Waterfall Hunting in Wells Gray Provincial Park with Dax Justin


Wednesday, October 18th, 2017 — 9:19am PST
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Exploring Route 97The following has been contributed by Dax Justin in partnership with ZenSeekers, exploring Wells Gray Provincial Park and #Route97.

#Route97 is a collection of experiences and destinations you will find within the Okanagan Valley and into Washington state.

ZenSeekers challenges you to explore the region this fall and have a series of stories to help make that happen.

Waterfall Hunting in Wells Gray Provincial Park with Dax Justin


Wells Gray Provincial Park is also known as ‘Waterfall Park’ for its 39 named waterfalls.

Wells Gray Provincial Park in the Clearwater Valley, about a five-hour drive northeast of Vancouver, is a pristine part of the province that attracts adventure seekers looking for wild and wonderful year-round experiences – from wildlife sightings to kayaking, snowshoeing, hiking.

And seeking out its dozens of waterfalls.

You could spend a lifetime exploring the more than 5,000 square kilometres of forest, mountains and waterways here, but an autumn weekend is plenty of time to find much-needed peace from the city.

There’s good reason why Wells Gray is also known as, “Waterfall Park”. There are 39 named waterfalls, and my aim on a late September weekend was to discover a few of them with the help of park ambassadors and locals Chance Breckenridge and Raymond Jones.

Be curious. Explore more along #Route97 here »

I had one in particular that I just had to see – Moul Falls. Though it’s the third highest waterfall in the park, it has an added attraction that I wanted to photograph and experience. The way the canyon has been carved by the cascading water, an alcove has been created so you can stand behind the falls.

It sounded like something I just had to experience.

The hour-long hike to reach it began easily enough on an abandoned road from the trailhead on Clearwater Valley Road. Signs along the way kept us moving in the right direction.


The grey day made the fall colours more vivid.

The crisp pine-scented air put me in a great mood, making me forget about the time of day and all of my deadlines.

The recent rainfall made the colours of the trees pop and I photographed the big and small things in my midst – the big vistas right down to the smallest drop of water clinging to the changing leaves.

There were also three other waterfalls on our wish list for the day: Spahats, Helmcken and Dawson. Ray and Chance promised me they were all worth visiting because each had its own beauty, whether it was the nearby vegetation or rock formations surrounding them.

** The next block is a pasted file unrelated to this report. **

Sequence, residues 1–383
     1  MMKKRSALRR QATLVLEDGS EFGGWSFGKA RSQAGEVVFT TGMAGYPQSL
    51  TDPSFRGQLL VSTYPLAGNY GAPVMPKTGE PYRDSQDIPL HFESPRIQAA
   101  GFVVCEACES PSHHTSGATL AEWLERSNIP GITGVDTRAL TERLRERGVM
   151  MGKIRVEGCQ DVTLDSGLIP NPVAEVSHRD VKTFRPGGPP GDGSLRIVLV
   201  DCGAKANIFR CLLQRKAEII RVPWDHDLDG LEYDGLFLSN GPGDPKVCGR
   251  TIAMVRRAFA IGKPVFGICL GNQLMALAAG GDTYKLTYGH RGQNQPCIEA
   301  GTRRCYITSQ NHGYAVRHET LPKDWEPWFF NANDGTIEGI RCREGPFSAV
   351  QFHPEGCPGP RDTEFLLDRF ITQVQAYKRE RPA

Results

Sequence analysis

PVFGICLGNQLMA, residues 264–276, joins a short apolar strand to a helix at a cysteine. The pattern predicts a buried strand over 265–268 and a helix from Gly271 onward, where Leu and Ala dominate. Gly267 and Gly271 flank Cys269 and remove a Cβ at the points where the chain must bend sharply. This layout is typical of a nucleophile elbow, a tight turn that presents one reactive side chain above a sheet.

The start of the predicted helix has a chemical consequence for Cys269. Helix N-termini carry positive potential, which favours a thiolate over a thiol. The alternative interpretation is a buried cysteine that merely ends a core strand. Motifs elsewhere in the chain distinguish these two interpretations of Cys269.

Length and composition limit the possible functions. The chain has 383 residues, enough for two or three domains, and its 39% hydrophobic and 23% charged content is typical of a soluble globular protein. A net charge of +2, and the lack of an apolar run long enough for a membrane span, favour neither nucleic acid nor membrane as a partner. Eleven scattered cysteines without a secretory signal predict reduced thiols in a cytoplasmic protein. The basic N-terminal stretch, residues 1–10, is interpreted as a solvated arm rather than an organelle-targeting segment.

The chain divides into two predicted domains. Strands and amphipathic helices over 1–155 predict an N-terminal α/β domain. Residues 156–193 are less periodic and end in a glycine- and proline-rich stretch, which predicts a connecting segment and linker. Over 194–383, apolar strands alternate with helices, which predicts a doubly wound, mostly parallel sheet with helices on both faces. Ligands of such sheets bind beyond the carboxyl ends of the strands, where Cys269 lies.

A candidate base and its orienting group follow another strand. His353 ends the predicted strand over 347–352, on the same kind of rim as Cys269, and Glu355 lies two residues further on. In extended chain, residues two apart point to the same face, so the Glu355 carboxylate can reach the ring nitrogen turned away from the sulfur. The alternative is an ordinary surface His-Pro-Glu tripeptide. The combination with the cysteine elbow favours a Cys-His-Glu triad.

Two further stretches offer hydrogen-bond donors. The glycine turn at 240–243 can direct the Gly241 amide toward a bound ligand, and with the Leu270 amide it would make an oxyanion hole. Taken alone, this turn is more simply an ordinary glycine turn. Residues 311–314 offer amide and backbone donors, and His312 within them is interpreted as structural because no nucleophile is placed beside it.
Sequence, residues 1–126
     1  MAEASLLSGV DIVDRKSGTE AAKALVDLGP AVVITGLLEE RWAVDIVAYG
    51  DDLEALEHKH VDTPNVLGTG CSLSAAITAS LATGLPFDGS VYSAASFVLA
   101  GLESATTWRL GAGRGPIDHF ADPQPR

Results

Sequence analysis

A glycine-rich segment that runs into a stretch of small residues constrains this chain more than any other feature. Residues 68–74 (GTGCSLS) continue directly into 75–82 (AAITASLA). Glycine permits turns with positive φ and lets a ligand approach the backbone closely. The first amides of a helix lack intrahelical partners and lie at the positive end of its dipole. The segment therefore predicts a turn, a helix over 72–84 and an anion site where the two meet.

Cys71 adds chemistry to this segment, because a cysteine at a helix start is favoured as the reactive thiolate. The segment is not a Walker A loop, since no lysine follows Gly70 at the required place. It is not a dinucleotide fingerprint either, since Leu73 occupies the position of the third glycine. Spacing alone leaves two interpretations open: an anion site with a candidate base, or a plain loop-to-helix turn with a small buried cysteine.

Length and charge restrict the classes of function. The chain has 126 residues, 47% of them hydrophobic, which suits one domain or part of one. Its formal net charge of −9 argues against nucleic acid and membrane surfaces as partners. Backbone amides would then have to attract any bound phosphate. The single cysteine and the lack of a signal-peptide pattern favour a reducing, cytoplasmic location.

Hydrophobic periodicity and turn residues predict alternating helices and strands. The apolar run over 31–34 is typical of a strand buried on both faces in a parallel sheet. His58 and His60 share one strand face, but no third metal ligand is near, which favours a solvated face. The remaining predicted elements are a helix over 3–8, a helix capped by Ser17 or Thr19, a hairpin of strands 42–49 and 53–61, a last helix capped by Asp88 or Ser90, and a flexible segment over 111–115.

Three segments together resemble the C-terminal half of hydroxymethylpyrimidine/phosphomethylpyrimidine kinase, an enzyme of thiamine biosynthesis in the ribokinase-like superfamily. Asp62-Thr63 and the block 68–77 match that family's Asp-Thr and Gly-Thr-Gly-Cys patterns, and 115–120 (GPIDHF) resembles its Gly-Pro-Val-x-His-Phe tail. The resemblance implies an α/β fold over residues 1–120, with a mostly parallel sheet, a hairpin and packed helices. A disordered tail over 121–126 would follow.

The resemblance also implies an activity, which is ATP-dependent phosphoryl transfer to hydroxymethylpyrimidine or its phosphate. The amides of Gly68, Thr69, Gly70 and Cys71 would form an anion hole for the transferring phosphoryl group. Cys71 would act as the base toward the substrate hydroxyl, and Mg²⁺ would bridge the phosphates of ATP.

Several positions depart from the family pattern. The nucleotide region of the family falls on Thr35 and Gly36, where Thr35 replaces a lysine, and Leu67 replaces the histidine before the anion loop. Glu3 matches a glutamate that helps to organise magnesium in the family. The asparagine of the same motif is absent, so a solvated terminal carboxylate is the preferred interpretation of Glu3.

The cool thing about searching for waterfalls is that you can hear them before you see them.
Grouse Creek is the source of Moul Falls, 35 metres above. We’d arrived and the trail was a little slippery and narrow, but well worth the effort to get face to face with these falls.

Be curious. Explore more along #Route97 here »


The roar of the falls is mesmerizing.

I stood there mesmerized by the sound, the force and the beauty of the moment, enjoying the mist lingering in the air and feeling the coolness of the spray on my skin.

But going behind the falls was the most magical part of all. I’d felt like I’d entered a secret little kingdom and I didn’t want to leave. I lingered for as long as I could.

But Chance and Ray were ready to impress me with their bravery, wading into the river just below the falls. It was a photo opportunity I didn’t want to miss.

I’d set out to see a bit of BC’s wild and wet side and was completely satisfied with my first time here. But there’s so much more to discover – like those 36 remaining waterfalls – so I’ll definitely be back.


Chance and Ray braved the chilly waters below Moul Falls.

If You Go

About the Author: Dax Justin on Behalf of ZenSeekers
Dax Justin is a Canadian explorer, adventure/landscape photographer, visual content creator, and destination storyteller based in Alberta, Canada.

His photographic work focuses on outdoor adventure, landscapes, mountain lifestyle, people and sports. The photography captured on expeditions bring the adventure to a worldwide online audience in real time, expanding brand reach through social media and travel networks including Seekers Media.

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Published in partnership with ZenSeekers

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